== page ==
Should You Have That Hard Conversation? Two Questions To Help You Decide

Your friend has made some decisions that is putting a strain on your friendship. Your spouse continually cuts you down in public and you can feel the bitterness growing. Your child is continuing to act out and you want to get to the heart of the issue. A co-worker or employee is not carrying his weight and you need to have a hard conversation. Whether with a friend, a spouse, a child, or a co-worker, conflict is inevitable.

When dealing with conflict, our approach embodies one of two people: the Truth Teller or the Peacemaker. Often an individual has a tendency towards one of these two, but depending on the day, the person, or the situation, he may change his approach. When healthy, both of these individuals are driven by Godly motivation, but when unhealthy, both of these individuals are driven out of a selfish motivation. One of the most important things we can do as we enter conflict is to inspect our hearts and assure that our motivation is in the right place. Here are two questions that will help.

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The Perfect Community Group And What To Do When You Don’t Find It

The “perfect” Community Group looks different for each person, but below is what it looks like for me:

(If you rushed for time or just don’t care what my version of a perfect Community Group is, there is no shame in skipping this section. You can just look at the candid shot I took from my perfect Community Group below and then skip to “Why You Will Never Find The Perfect Community Group”)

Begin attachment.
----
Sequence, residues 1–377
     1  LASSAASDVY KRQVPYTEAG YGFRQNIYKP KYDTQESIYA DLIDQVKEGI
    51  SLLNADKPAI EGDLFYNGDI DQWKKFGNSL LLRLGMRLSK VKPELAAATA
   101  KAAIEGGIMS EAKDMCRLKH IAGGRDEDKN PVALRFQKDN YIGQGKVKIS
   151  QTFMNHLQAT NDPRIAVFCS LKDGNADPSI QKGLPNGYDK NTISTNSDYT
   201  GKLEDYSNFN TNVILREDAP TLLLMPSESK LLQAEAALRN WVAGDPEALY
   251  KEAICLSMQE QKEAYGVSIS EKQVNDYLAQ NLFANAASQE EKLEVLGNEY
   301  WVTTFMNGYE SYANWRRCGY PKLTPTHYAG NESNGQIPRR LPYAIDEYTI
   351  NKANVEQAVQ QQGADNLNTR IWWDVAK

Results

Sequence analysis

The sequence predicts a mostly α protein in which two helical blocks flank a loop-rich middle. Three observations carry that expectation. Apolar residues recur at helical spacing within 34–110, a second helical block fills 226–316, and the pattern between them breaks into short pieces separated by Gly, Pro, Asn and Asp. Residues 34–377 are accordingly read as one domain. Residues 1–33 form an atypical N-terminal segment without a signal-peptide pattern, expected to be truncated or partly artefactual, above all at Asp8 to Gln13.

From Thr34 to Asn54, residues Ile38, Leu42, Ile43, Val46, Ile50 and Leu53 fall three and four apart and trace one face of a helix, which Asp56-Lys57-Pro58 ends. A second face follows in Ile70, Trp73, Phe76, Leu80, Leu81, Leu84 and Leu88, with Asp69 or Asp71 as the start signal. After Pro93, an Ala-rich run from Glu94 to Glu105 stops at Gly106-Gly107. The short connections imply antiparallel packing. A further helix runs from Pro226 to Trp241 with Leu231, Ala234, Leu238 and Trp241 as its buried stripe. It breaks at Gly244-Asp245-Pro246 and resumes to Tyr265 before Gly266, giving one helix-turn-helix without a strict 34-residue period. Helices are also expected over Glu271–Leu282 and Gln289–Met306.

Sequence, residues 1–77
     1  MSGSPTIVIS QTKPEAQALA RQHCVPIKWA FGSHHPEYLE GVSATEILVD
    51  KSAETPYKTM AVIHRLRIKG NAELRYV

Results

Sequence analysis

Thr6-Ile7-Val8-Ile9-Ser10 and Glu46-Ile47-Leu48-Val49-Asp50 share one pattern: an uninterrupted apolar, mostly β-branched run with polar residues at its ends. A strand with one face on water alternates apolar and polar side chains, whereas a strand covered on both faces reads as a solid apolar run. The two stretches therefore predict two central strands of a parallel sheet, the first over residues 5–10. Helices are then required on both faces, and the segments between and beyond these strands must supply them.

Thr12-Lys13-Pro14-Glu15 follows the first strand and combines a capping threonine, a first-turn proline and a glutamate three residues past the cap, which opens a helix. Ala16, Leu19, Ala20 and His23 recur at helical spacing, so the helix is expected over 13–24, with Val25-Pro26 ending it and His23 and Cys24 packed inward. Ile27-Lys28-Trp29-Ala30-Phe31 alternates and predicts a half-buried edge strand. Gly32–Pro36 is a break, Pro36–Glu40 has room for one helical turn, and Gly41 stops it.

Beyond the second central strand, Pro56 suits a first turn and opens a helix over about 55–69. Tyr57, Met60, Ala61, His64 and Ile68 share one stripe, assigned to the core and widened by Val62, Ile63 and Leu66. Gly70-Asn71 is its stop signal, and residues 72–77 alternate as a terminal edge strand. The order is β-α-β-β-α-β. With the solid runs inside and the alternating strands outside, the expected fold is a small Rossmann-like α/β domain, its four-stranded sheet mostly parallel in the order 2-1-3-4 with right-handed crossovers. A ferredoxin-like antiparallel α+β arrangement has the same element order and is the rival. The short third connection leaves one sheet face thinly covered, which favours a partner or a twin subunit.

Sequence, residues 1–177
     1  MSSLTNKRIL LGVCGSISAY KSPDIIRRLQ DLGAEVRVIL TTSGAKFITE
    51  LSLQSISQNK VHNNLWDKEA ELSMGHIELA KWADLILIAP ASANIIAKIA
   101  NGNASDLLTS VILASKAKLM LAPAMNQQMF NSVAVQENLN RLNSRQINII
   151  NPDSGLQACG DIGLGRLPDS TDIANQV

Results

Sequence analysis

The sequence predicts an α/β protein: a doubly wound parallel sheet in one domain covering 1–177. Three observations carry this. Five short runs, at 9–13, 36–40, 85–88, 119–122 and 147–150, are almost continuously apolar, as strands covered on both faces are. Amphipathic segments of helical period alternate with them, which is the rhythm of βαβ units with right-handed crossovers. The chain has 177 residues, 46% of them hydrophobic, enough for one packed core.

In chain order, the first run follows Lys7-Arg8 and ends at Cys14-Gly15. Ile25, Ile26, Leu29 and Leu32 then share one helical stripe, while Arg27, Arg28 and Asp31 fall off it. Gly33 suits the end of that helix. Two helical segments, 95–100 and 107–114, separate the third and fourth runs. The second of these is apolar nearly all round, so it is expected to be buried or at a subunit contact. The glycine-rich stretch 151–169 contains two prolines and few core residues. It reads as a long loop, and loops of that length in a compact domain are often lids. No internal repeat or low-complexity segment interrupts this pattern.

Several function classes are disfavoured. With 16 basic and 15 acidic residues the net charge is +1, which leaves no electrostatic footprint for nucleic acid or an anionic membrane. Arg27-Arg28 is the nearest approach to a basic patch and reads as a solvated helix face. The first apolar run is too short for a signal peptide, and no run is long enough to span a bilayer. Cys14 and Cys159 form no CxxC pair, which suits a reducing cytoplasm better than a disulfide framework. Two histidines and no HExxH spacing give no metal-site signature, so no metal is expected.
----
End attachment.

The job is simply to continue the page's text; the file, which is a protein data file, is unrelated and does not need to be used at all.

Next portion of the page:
This is not my Community Group…Stock Small Group pictures are the worst!

The group would meet in my neighborhood within walking distance. As our family walked down the road, we would drop our kids off with a great babysitter who would have a kid’s version of our group lesson prepared. We would then walk down the street two more houses to where the adults would meet. There we would have dinner and fellowship. Once we finished, we would jump into discussion that would be led each week by a different person who was a wellspring of wisdom and knowledge, but was able to make the application simple and practical. The discussion would find the perfect balance between serious and light-hearted; it would include tears of joy, sadness, and laughter. It would be relatable for people at all places in their spiritual walk, there would be no awkward pauses and every person’s comments would resonate with someone. After an amazing discussion, the group would then share personal and specific prayer requests that were transparent and meaningful. We would also pray for those in our life who did not know Jesus and could benefit from a group like ours. As the meeting time finished, the group would linger because everyone wanted to spend more time with one another.

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